8 Designers Share the Secrets to Creating the Perfect Pool House
These cabanas marry high design with indoor-outdoor functionality to bring a vacation-like experience closer to home
With spa-inspired outdoor showers, tropical palettes, and expansive chaises, resort cabanas conjure the wistfulness of dreamy destinations. Now people looking to quell their sense of wanderlust at home are tasking designers with transforming their pool houses into vacation-worthy experiences with eating areas, gyms, media rooms, guest quarters, and so much more. “For most people, the pool house is a quiet place to get away from the main house; it’s a place to lounge, hang out, and relax around the pool. But I also see people using them to entertain,” says Atlanta-based architect Stan Dixon, who has conceived pool houses with everything from home offices to rooms for yoga, meditation, or massage. At an oceanfront estate in Palm Beach, Dixon used a pool house as a tropical lead-up to the home’s entry. “It’s a bit of a destination. I wanted to create a home that felt very seamless from inside to outside.”
Form Meets Function
To maximize that escapist mind-set, pool houses need to be self-supporting, with a kitchenette, bath, and storage—no matter how big or small. “You start to think with the attitude of designing a boat: How can I be clever about building things in and getting the most out of every cubic foot of space?” says architect Eric J. Smith, who suggests using under-counter appliances such as refrigerator, freezer, and warming drawers, or matching the color of the cooktop to the countertop for a chic yet functional interior.
Building in adaptable elements like pocket doors that can transform the outbuilding from a sheltered room to an airy pavilion elevates the structure’s functionality. “The enclosure is really important to these buildings being successful as you’re inside and outside at the same time,” says Mark Ferguson, a founding partner at Ferguson & Shamamian Architects. “You have the breezes, the light, the openness, and the presence of water and plants that you get by being outside, but you also have a roof, walls, maybe a fireplace—things that you associate with a cozy indoor feeling.”
Infrared heaters and firepits go a long way in bringing that coziness outdoors, so families and friends can enjoy these spaces year-round. Designer Amy Lau’s clients requested their Bridgehampton retreat have all the elements of a high-end hotel in St. Barts or the Côte d’Azur, so she crafted a playful pool bar surmounted by several televisions, then added a modern fire table as a focal point surrounded by loungers.
The need for versatility extends to the furniture plan, where pieces that serve multiple functions, like expansive daybeds that conceal trundles for younger guests or lightweight chairs that can easily move around for movie watching, are preferred. “There’s a lot of millwork involved in these kind of places, whether that’s banquettes that have storage below or built-in bookshelves and cabinets where you put things that aren’t so pretty so they’re mostly concealed,” says West Coast designer Mark D. Sikes.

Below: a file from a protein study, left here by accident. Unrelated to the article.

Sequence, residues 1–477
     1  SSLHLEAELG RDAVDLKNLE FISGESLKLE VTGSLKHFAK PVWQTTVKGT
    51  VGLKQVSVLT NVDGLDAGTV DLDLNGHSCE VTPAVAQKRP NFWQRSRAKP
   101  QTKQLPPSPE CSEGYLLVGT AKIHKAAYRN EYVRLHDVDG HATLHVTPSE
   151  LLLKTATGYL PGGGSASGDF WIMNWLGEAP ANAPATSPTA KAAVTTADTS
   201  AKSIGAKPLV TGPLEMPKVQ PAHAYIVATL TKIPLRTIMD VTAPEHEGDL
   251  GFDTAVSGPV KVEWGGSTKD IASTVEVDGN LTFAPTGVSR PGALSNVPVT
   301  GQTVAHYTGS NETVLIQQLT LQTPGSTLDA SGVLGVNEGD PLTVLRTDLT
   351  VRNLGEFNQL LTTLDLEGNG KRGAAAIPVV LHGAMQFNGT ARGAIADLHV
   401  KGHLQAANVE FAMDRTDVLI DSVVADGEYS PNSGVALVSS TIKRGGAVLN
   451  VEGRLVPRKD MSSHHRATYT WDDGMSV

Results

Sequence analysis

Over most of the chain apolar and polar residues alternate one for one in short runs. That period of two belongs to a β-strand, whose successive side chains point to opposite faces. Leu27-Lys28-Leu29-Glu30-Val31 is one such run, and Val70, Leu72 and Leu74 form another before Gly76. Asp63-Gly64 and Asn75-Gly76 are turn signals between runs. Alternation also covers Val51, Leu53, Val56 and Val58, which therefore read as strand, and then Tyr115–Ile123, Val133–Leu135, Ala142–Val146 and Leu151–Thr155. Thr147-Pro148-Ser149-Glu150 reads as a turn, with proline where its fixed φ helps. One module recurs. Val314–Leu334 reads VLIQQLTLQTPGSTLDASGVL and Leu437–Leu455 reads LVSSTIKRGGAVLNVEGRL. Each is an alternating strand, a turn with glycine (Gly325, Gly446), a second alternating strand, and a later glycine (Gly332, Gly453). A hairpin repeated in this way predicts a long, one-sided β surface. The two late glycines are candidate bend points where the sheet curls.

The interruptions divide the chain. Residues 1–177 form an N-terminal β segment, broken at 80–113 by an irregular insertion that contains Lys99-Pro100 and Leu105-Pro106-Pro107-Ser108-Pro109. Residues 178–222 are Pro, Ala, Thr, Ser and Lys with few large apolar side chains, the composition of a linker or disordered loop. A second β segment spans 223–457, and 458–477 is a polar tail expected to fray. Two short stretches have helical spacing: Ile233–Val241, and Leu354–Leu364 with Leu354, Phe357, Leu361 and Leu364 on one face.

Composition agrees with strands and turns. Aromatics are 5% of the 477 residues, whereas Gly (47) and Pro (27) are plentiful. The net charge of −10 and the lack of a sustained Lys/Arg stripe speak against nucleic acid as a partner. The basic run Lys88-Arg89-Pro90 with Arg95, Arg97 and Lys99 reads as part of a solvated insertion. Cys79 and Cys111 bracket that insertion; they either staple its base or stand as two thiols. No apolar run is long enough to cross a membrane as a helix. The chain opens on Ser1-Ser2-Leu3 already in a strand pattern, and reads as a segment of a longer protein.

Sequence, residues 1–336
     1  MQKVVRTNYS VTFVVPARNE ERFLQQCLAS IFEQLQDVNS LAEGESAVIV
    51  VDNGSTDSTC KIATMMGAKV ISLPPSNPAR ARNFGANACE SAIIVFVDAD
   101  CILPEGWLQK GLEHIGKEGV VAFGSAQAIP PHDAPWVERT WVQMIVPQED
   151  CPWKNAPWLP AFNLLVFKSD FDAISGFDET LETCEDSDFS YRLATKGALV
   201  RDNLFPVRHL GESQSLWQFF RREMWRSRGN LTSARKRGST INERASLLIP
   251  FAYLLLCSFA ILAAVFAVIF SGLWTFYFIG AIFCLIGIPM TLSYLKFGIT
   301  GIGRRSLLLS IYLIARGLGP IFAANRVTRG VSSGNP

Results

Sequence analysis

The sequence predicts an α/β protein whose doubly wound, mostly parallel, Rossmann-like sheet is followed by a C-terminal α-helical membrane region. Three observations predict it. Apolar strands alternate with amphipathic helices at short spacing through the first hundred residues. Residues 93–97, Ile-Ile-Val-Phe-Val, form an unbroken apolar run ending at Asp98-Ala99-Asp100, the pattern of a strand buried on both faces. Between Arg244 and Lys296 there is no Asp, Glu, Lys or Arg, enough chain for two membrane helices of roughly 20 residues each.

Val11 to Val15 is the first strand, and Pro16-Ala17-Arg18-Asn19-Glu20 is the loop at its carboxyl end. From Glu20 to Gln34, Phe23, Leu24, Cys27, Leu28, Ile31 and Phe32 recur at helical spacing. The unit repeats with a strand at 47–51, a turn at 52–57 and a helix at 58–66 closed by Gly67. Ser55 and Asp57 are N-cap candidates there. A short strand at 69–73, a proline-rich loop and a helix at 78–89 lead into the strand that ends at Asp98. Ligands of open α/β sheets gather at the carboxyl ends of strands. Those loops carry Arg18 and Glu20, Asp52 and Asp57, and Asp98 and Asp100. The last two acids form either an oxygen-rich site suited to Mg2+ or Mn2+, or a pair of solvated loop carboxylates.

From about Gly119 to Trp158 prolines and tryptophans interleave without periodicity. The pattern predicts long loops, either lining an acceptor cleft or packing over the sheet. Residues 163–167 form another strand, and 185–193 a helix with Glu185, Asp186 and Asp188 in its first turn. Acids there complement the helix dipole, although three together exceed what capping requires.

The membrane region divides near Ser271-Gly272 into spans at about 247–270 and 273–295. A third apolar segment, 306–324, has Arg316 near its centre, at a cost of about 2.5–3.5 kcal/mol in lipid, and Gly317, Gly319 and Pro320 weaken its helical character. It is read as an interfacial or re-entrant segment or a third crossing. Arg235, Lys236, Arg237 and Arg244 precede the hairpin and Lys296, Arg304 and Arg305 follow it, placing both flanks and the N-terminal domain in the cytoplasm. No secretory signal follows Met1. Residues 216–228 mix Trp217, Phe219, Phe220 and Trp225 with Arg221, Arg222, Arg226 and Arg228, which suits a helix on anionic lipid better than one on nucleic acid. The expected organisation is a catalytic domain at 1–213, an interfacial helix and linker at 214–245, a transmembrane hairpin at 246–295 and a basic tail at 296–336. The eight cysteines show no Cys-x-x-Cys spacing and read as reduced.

“Beach houses require a lot of maintenance, and we did a lot of research to pick the best materials that will stand up to the elements,” says designer Rodney Lawrence, who clad the exterior of a Hamptons pool house in cypress, which holds its color longer than cedar. Designers often look to natural materials like bluestone, honed travertine, or ipe for both their durability and style, particularly on the floor, where it can run from the indoors to the outside without interruption.
“Pool baths are so small and jewel-like that you can get more creative”Amy Lau
While the pool house exterior is generally cohesive with the main house, the interior areas are open to more fanciful expression. “Pool baths are so small and jewel-like that you can get more creative,” says Lau, who has utilized wallpaper murals, mirrored tiles, and more to amp up a changing room’s wow factor. “You don’t have to spend a lot of money to make it look like an art installation.”
All-weather fabrics, too, have come a long way, with companies like Perennials, Sunbrella, and Quadrille creating upholstery that can handle wet swimwear while still offering upscale colors, patterns, and textures. “That was the problem in the past—everything felt like outdoor fabric and looked like it,” says Elizabeth Lawrence, a partner at Bunny Williams Interior Design. “We want it to look and feel like what people have inside their homes.”
Areas that open to the outdoors or get a lot of moisture require furnishings made with mildew-or rust-resistant materials like aluminum or treated wrought iron. “Teak is superheavy, and it can be hard to care for,” says designer Michelle Gerson. Large sectionals customized with performance fabrics, cocktail tables in treated wood or stone, and lightweight seating in weatherproof materials like wicker or water-repelling mesh are also popular in pool houses that serve myriad functions.
Mixing in uniquely curated accoutrements can personalize a pool house and add to its resort-like vibe. Lau selected pieces in Veuve Clicquot orange to match a client’s beverage of choice, Elizabeth Lawrence covered a ceiling punctuated with a Spanish chandelier from Carlos de la Puente Antiques in grassy green lattice, and Gerson incorporated an Argentine grill as well as a pizza oven imported from Italy for a homeowner who loves to cook. “We’re not designing pool houses to be so specific,” states Dixon, “but to be flexible so that as the time of day changes, the time of year changes, the client’s needs change, they can be adapted.”
A version of this article first appeared in print in our 2021 Winter Issue under the headline “Private Oasis.” Subscribe to the magazine.